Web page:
The full impact of the Dodd-Frank bill will not be known until the extensive rulemaking process is completed. However, the bill immediately implements a number of changes that enhance the SEC's enforcement program.
On July 21, 2010, the president of the United States signed the Dodd-Frank Wall Street Reform and Consumer Protection Act (Dodd-Frank) into law. The mammoth, more than 2,300-page bill is intended—in theory—to address market and regulatory issues underlying the financial crisis.
Much of the public discussion and debate concerning Dodd-Frank centered on its broad structural provisions, such as regulation of the over-the-counter derivatives markets, limitations on the proprietary trading of banks, and stricter capital and leverage requirements for large financial firms. The U.S. Securities and Exchange Commission (SEC) and other regulators have been tasked with extensive study, report and rulemaking responsibilities to fill in the details of this massive legislation. This process requires the attention and participation of affected constituencies. However, a number of provisions within Dodd-Frank that have received little public attention are designed to enhance SEC investigations, enforcement actions and remedies. Several of these provisions have long been part of the SEC Division of Enforcement's "legislative wish list."
Expansion of Aiding and Abetting Liability
Prior to Dodd-Frank, the SEC could only charge aiding and abetting violations under the Securities Exchange Act and the Investment Advisers Act. Dodd-Frank now permits the SEC to charge aiding and abetting violations under the Securities Act and the Investment Company Act as well. It also authorizes the SEC to seek a penalty for aiding and abetting violations under the Investment Advisers Act. In addition, Dodd-Frank expands the state of mind element necessary for aiding and abetting violations of the securities laws. The prior standard required that an aider or abettor "knowingly" provide substantial assistance to another person's violations. Dodd-Frank provides for liability for those who aid and abet violations knowingly or recklessly. These changes will make it easier for the SEC to bring aiding and abetting charges.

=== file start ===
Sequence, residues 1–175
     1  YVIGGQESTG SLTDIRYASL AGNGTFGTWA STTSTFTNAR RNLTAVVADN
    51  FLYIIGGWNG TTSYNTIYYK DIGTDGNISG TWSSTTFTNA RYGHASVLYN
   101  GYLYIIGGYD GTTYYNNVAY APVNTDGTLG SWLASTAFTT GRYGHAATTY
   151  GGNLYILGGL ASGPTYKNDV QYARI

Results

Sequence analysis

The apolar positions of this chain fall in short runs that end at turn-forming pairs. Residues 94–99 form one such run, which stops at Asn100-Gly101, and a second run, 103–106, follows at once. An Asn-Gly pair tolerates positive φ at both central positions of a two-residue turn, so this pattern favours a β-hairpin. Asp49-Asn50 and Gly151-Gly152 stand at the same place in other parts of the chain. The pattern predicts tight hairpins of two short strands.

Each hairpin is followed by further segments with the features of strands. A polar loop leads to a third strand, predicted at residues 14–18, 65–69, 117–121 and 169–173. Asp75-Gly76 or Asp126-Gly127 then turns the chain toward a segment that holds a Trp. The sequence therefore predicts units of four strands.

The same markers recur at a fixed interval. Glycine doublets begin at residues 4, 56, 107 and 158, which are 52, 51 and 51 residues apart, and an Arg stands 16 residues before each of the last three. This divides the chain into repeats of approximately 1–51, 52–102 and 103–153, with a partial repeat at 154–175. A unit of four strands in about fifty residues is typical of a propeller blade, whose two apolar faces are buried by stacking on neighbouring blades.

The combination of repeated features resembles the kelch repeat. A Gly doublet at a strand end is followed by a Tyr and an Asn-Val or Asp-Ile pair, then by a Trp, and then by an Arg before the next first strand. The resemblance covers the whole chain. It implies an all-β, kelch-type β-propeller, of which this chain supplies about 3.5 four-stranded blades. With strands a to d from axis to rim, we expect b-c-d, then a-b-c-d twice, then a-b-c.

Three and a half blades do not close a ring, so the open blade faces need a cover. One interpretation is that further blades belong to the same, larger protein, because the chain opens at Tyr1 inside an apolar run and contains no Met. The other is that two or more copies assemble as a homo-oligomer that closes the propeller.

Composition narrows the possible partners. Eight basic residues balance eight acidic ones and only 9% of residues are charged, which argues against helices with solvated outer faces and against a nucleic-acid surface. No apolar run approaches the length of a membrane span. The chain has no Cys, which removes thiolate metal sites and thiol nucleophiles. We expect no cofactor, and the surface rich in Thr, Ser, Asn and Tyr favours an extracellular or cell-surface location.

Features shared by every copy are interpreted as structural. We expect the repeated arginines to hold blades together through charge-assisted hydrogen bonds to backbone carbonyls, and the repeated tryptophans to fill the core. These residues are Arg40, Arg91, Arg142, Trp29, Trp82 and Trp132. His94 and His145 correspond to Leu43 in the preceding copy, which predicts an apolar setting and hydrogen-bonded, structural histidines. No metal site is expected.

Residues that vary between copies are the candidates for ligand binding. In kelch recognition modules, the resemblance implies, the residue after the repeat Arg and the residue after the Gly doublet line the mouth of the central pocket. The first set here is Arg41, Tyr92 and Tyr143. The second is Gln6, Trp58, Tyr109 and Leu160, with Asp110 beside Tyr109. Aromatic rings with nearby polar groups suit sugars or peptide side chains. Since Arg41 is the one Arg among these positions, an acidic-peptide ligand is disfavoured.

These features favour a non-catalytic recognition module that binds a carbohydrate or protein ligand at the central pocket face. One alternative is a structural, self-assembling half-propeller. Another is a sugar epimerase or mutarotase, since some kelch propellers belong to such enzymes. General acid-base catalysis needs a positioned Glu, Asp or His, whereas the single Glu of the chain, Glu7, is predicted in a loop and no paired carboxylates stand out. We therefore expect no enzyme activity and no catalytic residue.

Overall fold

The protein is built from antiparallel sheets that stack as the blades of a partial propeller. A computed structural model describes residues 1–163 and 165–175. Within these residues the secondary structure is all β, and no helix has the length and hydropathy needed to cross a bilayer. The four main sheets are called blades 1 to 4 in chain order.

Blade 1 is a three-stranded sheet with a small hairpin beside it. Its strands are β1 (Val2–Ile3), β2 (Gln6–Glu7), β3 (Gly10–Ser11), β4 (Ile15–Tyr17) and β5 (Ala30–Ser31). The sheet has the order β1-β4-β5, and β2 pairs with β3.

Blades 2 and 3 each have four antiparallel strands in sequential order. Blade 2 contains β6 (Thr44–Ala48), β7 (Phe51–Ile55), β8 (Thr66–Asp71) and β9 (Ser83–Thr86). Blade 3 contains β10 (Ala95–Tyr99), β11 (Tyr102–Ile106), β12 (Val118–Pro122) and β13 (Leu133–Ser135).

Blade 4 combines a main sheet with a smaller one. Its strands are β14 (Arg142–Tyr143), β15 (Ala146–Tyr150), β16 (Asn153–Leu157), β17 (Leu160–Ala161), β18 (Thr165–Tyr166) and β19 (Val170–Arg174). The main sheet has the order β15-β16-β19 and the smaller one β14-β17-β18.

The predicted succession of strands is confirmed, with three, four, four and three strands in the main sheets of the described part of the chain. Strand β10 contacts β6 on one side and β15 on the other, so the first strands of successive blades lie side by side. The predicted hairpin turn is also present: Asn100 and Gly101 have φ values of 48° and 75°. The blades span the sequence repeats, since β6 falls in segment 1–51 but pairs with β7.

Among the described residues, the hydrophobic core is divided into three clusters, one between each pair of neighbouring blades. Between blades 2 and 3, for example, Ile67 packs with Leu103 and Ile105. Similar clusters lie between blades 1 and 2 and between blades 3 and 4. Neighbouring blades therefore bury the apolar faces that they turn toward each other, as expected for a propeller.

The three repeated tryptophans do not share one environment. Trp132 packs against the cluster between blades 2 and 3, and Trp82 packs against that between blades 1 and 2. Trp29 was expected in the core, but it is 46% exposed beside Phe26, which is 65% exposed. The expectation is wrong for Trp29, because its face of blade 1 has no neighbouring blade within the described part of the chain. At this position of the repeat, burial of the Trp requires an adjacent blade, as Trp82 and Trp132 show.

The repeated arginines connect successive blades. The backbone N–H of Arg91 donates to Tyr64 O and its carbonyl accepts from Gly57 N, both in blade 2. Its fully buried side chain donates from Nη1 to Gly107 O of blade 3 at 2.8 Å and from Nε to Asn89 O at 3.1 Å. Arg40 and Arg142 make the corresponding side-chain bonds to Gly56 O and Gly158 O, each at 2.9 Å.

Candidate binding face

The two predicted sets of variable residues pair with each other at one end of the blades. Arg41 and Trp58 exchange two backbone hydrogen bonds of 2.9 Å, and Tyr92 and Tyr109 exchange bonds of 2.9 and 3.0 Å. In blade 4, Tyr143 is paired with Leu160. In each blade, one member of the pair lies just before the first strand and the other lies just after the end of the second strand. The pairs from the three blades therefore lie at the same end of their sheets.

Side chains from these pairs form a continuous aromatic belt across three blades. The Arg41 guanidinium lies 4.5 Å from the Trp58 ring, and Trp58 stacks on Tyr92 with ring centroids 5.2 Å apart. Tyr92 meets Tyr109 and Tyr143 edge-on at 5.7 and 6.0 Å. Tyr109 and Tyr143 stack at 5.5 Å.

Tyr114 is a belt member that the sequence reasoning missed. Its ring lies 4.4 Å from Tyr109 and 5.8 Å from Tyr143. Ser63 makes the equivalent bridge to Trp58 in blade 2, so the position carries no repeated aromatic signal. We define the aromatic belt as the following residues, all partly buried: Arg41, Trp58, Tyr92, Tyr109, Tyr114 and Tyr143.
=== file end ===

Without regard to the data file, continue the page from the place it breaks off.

The ante in enforcement actions has been raised for financial services industry professionals. The SEC is now authorized to suspend or bar a regulated person who violates securities laws in one part of the financial services industry from associating with a regulated entity in another part of the industry. For example, if an individual associated with a broker-dealer is the subject of an enforcement action, the SEC may now suspend or bar that person not only from associating with a broker-dealer, but also from associating with an investment adviser, municipal securities dealer, municipal advisor, transfer agent or nationally recognized statistical rating organization.
Authority to Impose Penalties in Administrative Proceedings:
Previously, the SEC could only impose a civil penalty in an administrative proceeding against an individual associated with a regulated entity, such as a broker-dealer or investment adviser. This required the SEC to file an action in federal district court to seek a civil penalty against a person not associated with a regulated entity. Dodd-Frank now authorizes the SEC to seek a civil penalty against any person in an administrative proceeding. It also increases the penalty amounts the SEC can seek in administrative proceedings. These changes will likely increase the number of administrative enforcement actions filed by the SEC, but will also provide defendants the opportunity to resolve cases through administrative action rather than a potentially more significant federal district court action.